After a ton of emails telling us exactly that, I decided to really start studying beer and that’s where I learned most of what I know today. 

When we recorded the show about New Belgium Brewing coming back to Minnesota, we saw that huge line of people outside of Surdyks all lined up to get Fat Tire and realized there was a huge, virtually untapped market here in the Twin Cities for craft beer. 

Soon after that I decided to quit the podcasting and begin work on this store. 

TC: Did you run into any challenges opening the store?  

A: Many challenges. I’m not even sure where to begin. Liquor licenses, location, zoning, city officials, politicians, banks and bankers, the list is endless. I would say that getting this store open was without a doubt the most difficult thing I have ever done in my life. It seems like everyone is against you and every little step is a battle. It really blew my mind, if I had known beforehand how difficult it would be, I maybe would not have pursued it. Luckily I was very naive about such things, as this is my first business, so I put my head down and did whatever I had to in order to make it work.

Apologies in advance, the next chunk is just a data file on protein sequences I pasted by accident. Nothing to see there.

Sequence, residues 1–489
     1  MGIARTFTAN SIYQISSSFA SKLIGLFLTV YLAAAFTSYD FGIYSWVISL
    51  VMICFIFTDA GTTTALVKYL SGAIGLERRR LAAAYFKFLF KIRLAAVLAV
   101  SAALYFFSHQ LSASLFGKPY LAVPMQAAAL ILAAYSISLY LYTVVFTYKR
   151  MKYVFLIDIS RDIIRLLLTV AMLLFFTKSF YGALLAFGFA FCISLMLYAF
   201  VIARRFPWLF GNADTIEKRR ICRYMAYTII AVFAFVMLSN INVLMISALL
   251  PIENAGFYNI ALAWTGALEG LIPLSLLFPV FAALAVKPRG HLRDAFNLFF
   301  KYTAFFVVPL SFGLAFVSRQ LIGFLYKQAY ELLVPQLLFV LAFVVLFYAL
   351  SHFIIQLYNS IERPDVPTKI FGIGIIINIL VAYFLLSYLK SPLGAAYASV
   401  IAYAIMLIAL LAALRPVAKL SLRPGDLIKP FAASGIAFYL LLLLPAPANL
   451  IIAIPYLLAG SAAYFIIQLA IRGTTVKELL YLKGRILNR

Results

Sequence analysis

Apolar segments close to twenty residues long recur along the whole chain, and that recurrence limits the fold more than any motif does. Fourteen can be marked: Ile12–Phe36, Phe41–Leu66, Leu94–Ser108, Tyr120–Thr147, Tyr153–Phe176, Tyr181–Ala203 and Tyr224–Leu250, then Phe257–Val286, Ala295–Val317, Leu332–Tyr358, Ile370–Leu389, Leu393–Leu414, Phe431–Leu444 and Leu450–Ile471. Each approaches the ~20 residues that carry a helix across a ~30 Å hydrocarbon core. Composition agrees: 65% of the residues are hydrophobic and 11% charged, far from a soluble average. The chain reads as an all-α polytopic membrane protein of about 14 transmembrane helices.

TC: How many different brewers, or beer making regions of the world, are represented on your shelves?

A: About 750. That doesn’t seem like much, however that is 750 craft beers or European imports. You will not find ANY “Budmillercoors”, Corona, Stella, Blue Moon or anything else mass produced with zero love. 

TC: How do you source some of the beers in your store? What is your criteria for offering a particular beer, or saying no to some others?

A: All my beers are sourced through Minnesotan distributors. This is the law. Very often I get asked if I can get New Glarus or Dogfish Head, or some other beer that is not currently distributed to Minnesota. The answer is I cannot. I have to buy beer that my distributors already have.  

Having said that, there is a LOT of beer available here in Minnesota that other liquor stores simply CHOOSE not to stock. They either think there is no market for expensive beers or just plain don’t know what the stuff is. Because of that I have a ton of beers here that you won’t find anywhere else. 

My beers have to be brewed with care. That’s the only prerequisite. 

TC: What beers are you asked most about by customers? And what beer would you love to have in your store now, but are unable to get?